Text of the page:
In this paper, we propose and demonstrate a novel stable dual-wavelength random fiber laser with narrow-linewidth single-mode operation based on SOA gain at room temperature. The inhomogeneous gain in SOA significantly mitigates the mode competition which is a common problem in multi-wavelength erbium doped fiber lasers and ensures stable dual-wavelength lasing. Our theory demonstrates that such kind of random fiber laser has high probability of single-mode operation with narrow linewidth due to the coherent Rayleigh scattering. With a 5km non-uniform fiber providing enhanced coherent random distributed feedback in the ring cavity, the single-mode operation with a 3dB linewidth of ~1kHz is achieved. The intensity and frequency noises of such a dual-wavelength random fiber laser are investigated and discussed comparing with the EDF-based random laser for the first time to the best of our knowledge.
2. Experimental setup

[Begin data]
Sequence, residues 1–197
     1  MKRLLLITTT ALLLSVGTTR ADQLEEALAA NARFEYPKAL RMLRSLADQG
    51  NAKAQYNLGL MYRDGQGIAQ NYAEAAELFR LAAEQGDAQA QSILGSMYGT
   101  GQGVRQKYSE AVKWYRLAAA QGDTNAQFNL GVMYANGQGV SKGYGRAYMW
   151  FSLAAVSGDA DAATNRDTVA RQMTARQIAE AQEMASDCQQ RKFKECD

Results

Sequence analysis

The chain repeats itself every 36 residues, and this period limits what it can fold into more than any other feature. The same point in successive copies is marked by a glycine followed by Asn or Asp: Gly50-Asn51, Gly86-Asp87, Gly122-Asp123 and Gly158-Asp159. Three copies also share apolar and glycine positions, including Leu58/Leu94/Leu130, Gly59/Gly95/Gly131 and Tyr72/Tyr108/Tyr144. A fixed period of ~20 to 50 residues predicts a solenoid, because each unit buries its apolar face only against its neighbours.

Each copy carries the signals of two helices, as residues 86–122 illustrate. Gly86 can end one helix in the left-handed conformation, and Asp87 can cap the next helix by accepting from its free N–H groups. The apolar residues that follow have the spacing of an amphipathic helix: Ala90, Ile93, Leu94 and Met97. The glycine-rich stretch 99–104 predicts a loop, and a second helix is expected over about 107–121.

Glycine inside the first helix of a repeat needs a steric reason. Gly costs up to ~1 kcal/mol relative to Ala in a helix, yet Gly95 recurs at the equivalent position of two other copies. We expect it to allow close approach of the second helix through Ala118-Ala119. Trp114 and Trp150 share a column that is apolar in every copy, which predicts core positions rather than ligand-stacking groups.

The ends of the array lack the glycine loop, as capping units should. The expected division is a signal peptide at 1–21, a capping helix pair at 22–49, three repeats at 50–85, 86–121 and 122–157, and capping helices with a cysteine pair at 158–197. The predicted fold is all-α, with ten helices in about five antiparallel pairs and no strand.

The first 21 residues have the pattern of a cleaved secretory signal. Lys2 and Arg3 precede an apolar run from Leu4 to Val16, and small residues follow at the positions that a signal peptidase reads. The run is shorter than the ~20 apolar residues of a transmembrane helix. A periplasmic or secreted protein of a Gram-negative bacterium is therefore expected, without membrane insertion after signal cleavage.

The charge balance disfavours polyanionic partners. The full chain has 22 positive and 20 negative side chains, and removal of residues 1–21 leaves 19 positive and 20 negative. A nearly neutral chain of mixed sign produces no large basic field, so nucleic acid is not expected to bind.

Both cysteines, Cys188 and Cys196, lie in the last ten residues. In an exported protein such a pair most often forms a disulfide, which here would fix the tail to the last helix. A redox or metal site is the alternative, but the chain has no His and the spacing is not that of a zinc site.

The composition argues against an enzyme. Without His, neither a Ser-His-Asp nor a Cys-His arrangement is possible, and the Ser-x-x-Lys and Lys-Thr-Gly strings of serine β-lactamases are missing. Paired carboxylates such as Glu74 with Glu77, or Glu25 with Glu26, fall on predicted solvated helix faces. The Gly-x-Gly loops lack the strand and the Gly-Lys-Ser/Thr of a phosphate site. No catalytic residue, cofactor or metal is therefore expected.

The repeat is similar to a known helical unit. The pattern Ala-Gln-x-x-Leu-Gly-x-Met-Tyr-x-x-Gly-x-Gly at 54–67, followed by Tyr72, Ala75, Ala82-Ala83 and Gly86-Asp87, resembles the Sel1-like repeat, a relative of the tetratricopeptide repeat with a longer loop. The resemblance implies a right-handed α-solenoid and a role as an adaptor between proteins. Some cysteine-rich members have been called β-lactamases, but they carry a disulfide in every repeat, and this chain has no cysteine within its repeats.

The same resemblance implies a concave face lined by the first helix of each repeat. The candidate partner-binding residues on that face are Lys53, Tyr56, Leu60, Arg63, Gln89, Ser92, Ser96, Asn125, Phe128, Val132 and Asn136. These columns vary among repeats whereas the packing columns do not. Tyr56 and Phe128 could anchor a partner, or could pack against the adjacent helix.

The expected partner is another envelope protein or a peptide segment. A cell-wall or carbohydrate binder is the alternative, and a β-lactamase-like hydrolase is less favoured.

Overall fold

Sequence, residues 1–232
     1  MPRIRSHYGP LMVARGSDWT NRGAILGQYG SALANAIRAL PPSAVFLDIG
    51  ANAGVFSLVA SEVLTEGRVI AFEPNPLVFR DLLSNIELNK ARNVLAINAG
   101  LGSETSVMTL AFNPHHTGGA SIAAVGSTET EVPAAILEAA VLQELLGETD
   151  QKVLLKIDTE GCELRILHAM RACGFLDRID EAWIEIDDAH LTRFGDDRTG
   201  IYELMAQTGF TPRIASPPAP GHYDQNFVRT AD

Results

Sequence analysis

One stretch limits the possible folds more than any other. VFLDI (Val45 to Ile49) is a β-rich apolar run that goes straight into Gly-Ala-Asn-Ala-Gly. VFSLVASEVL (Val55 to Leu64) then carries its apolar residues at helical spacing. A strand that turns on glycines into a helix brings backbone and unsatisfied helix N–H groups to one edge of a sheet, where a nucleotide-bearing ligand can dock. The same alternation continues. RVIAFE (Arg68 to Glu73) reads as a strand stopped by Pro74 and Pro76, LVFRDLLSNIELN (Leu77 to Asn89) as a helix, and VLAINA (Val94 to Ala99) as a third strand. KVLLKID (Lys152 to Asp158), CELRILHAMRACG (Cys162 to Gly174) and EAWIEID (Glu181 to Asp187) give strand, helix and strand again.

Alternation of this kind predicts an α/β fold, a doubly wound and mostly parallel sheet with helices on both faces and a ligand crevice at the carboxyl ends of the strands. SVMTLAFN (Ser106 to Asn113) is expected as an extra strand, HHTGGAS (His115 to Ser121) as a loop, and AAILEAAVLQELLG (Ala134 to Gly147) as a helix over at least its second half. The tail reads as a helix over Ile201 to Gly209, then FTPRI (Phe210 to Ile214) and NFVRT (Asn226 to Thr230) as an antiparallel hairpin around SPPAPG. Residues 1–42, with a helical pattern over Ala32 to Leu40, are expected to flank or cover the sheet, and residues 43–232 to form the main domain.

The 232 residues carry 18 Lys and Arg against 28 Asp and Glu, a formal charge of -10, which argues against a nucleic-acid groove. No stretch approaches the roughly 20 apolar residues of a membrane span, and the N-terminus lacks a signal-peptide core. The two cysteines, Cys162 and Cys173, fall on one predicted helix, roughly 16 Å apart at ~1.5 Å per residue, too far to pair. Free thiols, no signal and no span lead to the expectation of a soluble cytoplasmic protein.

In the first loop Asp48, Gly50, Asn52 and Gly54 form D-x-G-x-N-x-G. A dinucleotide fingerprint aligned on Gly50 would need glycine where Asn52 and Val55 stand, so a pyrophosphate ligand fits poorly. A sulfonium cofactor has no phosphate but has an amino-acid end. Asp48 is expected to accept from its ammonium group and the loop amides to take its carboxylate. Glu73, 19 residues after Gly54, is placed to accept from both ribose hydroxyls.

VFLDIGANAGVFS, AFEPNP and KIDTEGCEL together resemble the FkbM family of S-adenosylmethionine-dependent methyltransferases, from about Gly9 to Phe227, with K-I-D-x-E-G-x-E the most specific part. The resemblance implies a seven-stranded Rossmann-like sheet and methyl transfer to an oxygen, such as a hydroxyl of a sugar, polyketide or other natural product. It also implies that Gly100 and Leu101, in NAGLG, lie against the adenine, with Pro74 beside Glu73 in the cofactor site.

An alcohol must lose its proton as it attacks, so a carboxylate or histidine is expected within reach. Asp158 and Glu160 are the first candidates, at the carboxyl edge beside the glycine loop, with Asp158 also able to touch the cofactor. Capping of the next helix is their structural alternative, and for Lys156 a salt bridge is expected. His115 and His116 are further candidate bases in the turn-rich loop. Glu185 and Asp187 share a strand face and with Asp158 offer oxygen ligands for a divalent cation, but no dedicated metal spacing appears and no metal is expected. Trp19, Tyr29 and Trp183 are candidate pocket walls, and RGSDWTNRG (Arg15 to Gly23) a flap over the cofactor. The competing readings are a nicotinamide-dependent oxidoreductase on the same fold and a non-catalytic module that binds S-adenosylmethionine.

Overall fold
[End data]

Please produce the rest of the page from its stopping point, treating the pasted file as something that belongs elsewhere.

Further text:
The configuration of the SOA-based dual-wavelength random fiber laser is shown in Fig. 1. Two SOAs (QSOA-1550, QPhotonics LLC) pumped by electric currents both provide a broadband gain spectrum centered at 1534nm with a spectral range of 40nm. Each SOA has a maximum gain of 25dB for a small input signal (~10μW). The two SOAs compensate the large loss induced by the open cavity and weak Rayleigh scattering feedback in the ring resonator. An enhanced Rayleigh feedback is provided by a 5km non-uniform fiber with the mode field diameter from 5μm at one end to 7μm at the other end and consequently with a stronger refractive index inhomogeneity along the fiber axis . It has been demonstrated that the Rayleigh scattering coefficient is enhanced to ~-34dB/km, which is 2 orders higher than standard telecom single mode fibers . An isolator is connected at the output end of the non-uniform fiber in order to eliminate the light reflection from the air/fiber interface. Two FBGs with Bragg wavelengths of 1541.892nm and 1544.948nm and a bandwidth of 0.04nm act as optical filters to select the two lasing wavelengths. A polarization controller (PC) varies the state of polarization of the intra-cavity light so as to adjust cavity loss and improve lasing efficiency. The lasing output is detected through the 5% port of a 95/5 optical coupler.